2) Turning appeals and complaints procedures into complex court procedures: Draft Rule 8(1)(viii), (ix) and (3) and Draft Rule 13(1)(vi) and (3), require an appellant or a complainant, as the case may be, to serve an advance copy of all documents and written submissions to the public authority and attach evidence of having done this. This must be done “before submitting the appeal or the complaint” to the CIC. This procedure which is followed in courts where ‘lis’ (see immediately previous paragraph) are decided, is completely unsuited for the CIC. An appeal or a complaint becomes such only upon submission to the CIC. Until it is submitted to the CIC is is only a “draft appeal” or “draft complaint”. Instead the Rule should specify that a copy of the complaint/appeal should be transmitted to the public authority concerned simultaneously or after submission to the CIC with proof to be shown at the time of hearing.
This principle is already evidenced in Draft Rule 19. A public authority is required to serve a copy of its counter statement to an appellant or complainant only after it is submitted to the CIC. There is no reason why an appellant or complainant should be subjected to a different standard of treatment.
3) Mandatory requirement of an RTI application in complaint cases: Despite providing separate procedures for submitting appeals and complaints, the Draft Rules do not seem to have understood the difference between these two remedies. In the matter of Chief Information Commr. Manipur & Anr. vs State of Manipur & Anr. (2011) the Hon’ble Supreme Court of India clarified that it is mandatory to use the 2-tiered appeals procedure give under Section 19 of the Act if the RTI applicant is aggrieved by any action of the CPIO or the First Appellate Authority. The complaints procedure under Section 18 of the Act is meant for supervisory purposes only.
It is possible to file a complaint against a public authority, for example, for not complying with the strict obligation of proactive information disclosure under Section 4(1) of the RTI Act. An RTI application should not be required to access such information. This is clearly mentioned in Section 4(2) of the RTI Act which requires every public authority to take action to make more and more information publicly available so that people’s need to make formal requests for information is reduced. If such information is not posted on the website of the public authority, it should be possible to file a complaint directly with the CIC. A copy of the RTI application should not be made a mandatory support document in such cases, as there will not be any.
4) No person other than a designated officer should decide first appeals: Even though the Draft Rules do not provide for a procedure for deciding first appeals, Draft Rule 10(a) opens up the possibility of such cases being decided by “any other person competent” who is not designated as the first appellate authority. This is a contravention of Section 19(1) of the RTI Act which requires an officer senior in rank to be designated as the first appellate authority to receive and decide first appeals and complaints from RTI applicants who are aggrieved by a CPIO’s decision or inaction. Reference to “any other person competent to decide” must be deleted from Draft Rule 19(a).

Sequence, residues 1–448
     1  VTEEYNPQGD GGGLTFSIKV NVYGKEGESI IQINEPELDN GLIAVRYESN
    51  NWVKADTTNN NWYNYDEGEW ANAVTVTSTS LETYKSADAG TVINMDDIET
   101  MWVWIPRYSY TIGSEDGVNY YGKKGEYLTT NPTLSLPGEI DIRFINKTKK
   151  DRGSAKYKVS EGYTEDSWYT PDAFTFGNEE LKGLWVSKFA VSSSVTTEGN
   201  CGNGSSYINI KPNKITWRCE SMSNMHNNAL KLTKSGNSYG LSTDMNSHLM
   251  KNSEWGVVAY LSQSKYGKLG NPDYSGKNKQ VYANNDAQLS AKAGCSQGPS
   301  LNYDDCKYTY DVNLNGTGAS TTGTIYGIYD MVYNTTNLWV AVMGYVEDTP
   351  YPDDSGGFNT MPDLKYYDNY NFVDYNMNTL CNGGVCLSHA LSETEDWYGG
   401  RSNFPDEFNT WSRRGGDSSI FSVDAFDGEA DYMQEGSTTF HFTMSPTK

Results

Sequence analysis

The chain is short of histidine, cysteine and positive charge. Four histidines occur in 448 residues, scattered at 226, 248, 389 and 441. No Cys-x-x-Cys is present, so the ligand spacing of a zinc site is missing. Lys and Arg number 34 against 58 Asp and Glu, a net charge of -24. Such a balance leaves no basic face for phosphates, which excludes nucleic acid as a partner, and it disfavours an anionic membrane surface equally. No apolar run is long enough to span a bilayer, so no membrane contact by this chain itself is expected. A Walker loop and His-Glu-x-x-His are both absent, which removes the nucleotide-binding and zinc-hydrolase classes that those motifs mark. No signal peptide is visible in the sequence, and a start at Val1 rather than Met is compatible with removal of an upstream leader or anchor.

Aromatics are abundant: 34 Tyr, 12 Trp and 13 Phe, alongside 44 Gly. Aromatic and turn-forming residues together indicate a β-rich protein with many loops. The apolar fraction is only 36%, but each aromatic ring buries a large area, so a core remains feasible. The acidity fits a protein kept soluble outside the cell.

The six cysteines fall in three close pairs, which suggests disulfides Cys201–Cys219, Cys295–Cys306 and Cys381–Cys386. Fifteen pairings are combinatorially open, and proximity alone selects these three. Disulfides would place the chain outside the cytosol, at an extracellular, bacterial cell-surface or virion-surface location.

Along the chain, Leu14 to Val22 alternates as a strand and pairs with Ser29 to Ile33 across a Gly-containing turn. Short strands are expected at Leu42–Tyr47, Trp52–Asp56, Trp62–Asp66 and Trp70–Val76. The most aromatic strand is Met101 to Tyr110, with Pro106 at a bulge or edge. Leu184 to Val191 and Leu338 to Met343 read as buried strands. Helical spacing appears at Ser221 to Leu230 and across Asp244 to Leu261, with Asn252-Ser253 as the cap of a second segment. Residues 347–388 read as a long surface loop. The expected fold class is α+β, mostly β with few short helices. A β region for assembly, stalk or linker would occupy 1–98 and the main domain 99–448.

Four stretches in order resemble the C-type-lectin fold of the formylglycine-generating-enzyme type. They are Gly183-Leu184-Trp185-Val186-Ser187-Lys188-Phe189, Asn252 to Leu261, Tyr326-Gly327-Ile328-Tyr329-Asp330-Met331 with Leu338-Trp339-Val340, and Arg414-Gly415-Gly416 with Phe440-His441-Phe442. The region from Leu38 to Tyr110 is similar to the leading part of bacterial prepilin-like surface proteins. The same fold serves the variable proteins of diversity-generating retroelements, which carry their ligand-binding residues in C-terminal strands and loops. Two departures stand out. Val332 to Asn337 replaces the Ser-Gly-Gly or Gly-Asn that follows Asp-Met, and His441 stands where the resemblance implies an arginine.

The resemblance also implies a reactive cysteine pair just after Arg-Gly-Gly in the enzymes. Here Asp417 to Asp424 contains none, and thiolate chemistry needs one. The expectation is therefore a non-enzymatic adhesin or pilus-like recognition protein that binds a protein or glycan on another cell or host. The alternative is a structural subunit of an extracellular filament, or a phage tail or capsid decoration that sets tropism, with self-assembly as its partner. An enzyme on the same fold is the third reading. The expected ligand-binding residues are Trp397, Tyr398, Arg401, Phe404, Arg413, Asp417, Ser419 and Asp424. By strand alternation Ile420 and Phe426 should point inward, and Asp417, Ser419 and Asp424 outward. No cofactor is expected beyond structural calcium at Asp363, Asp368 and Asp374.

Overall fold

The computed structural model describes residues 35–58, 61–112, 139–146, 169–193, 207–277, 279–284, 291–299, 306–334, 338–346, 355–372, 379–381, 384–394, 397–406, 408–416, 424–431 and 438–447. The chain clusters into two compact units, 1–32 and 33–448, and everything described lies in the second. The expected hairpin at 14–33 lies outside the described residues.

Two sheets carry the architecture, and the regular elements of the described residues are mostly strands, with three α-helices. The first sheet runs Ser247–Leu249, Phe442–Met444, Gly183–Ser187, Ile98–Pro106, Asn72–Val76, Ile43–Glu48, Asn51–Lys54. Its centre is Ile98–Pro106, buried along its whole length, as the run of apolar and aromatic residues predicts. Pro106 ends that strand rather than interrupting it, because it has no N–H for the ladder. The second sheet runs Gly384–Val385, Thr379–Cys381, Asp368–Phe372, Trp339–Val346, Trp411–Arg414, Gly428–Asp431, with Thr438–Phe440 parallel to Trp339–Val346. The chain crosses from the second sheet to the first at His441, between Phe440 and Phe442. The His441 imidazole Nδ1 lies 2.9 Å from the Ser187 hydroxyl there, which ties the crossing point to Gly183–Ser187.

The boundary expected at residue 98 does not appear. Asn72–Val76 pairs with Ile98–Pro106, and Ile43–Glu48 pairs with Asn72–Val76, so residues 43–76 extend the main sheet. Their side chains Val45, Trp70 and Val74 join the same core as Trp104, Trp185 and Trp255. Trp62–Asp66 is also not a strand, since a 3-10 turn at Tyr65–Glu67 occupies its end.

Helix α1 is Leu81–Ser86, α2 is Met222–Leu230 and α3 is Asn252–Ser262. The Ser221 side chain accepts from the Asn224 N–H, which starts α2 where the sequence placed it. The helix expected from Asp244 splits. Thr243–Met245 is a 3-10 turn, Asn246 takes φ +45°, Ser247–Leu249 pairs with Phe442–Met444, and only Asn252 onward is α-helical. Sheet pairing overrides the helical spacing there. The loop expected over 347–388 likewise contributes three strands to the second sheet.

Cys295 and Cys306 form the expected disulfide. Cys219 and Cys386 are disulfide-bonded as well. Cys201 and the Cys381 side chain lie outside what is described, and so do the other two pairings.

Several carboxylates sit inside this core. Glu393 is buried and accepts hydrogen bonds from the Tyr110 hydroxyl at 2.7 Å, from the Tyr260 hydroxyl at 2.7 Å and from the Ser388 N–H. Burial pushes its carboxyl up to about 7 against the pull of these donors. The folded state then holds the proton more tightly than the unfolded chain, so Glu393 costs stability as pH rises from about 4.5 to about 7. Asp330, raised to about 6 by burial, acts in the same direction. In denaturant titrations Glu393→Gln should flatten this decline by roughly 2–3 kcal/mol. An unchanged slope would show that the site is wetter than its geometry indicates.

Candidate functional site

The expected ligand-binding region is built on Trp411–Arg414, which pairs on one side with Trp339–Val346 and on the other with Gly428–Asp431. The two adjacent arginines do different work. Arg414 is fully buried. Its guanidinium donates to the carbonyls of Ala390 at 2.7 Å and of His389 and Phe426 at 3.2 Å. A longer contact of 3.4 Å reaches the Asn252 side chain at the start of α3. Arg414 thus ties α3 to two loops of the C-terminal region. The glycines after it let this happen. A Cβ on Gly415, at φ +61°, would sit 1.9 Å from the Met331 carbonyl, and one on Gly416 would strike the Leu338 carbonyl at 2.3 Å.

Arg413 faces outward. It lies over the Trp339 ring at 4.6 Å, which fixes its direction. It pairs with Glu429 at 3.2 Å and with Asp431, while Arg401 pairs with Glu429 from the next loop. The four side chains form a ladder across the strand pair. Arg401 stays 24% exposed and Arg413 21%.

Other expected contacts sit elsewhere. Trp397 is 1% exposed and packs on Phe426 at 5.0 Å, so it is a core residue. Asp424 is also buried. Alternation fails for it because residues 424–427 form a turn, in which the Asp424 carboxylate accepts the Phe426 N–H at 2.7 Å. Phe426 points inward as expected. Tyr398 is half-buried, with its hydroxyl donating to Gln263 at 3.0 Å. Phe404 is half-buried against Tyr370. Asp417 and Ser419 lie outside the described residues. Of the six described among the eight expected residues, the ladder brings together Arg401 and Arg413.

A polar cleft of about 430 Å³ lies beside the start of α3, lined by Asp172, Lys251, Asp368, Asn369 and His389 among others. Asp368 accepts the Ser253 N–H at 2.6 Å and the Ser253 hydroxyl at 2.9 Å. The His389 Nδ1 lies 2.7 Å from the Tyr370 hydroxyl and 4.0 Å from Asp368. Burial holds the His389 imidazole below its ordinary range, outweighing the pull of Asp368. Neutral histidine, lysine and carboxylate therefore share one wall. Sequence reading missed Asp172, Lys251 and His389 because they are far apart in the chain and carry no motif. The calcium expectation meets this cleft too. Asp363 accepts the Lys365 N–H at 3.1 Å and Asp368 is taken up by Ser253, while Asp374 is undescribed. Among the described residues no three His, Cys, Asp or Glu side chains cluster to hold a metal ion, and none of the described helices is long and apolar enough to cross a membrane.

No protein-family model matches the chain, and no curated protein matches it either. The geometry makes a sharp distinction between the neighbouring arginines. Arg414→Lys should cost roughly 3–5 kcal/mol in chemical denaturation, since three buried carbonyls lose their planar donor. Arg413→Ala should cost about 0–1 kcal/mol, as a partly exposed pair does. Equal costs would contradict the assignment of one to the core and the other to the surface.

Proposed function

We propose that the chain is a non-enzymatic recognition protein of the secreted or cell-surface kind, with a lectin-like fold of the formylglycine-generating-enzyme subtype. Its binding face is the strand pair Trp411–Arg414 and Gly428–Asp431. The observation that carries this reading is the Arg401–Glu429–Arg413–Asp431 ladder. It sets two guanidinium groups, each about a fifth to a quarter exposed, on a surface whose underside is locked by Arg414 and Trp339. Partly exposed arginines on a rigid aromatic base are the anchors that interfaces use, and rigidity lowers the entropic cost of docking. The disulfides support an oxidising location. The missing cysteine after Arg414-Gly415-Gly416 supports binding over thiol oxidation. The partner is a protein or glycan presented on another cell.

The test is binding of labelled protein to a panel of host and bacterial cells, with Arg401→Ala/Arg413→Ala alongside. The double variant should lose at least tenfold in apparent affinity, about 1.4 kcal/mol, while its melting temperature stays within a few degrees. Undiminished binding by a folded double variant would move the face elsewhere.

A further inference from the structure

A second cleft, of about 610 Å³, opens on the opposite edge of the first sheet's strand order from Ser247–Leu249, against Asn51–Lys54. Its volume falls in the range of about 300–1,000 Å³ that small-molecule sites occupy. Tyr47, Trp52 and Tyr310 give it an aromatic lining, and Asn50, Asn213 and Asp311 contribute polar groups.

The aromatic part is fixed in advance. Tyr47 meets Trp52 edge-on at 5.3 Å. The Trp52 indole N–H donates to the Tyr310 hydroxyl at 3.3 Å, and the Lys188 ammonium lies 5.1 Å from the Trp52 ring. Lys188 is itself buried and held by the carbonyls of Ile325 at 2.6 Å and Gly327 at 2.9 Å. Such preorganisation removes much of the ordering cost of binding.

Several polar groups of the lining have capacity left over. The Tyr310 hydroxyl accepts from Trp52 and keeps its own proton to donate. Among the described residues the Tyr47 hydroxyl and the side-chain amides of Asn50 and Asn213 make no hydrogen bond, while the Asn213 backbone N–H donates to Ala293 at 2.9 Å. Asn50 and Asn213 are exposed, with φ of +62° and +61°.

5) No time limits for serving notice of hearings on appellants and complainants: While the Draft Rules introduce time limits that complainants must observe for filing complaints, there are no time limits for ensuring that notice of a hearing in an appeal or complaint reaches the citizen well in advance. Draft Rule 18 must be amended to require the CIC to ensure that notice of every hearing in an appeal or complaint must be delivered to the person at least 15 days in advance of the date of such hearing. Time limits should be applicable to everybody and not only appellants and complainants.
6) Posting matters of non-compliance before other Commissioner(s): Draft Rule 17 leaves it to the discretion of the Chief Information Commissioner to post a non-compliance matter before a ‘Bench’ other than which decided the initial matter or before a larger Bench. First, given the finding of the Hon’ble Supreme Court of India in the matter of Union of India vs Namit Sharma (2013) that the CIC is only an administrative tribunal, it would be improper to label Commissioners sitting to hear and decide cases as ‘Benches’. Second, the Rules must provide for posting a non-compliance matter before another Commissioner or a set of Commissioners on the request of the appellant/complainant also.
7) DoPT does not seem to be keeping up with the NDA’s digital revolution: Draft Rule 4 continues to prescribe fees for providing information in the form of ‘diskettes and floppies’. Both forms of electronic storage have become outdated. The DoPT must recognise that information can be provided electronically through email, flash drives or CDs/DVDs. The Rules must prescribe fees for providing information through these methods. The DoPT is directly under the Hon’ble Prime Minister who is pushing India towards the digital age in the TINA mode (There Is No Alternative mode) without ascertaining whether people want it or not and if there is adequate infrastructure and awareness amongst people for so doing. It must discard floppies and diskettes and adopt more modern methods of information storage.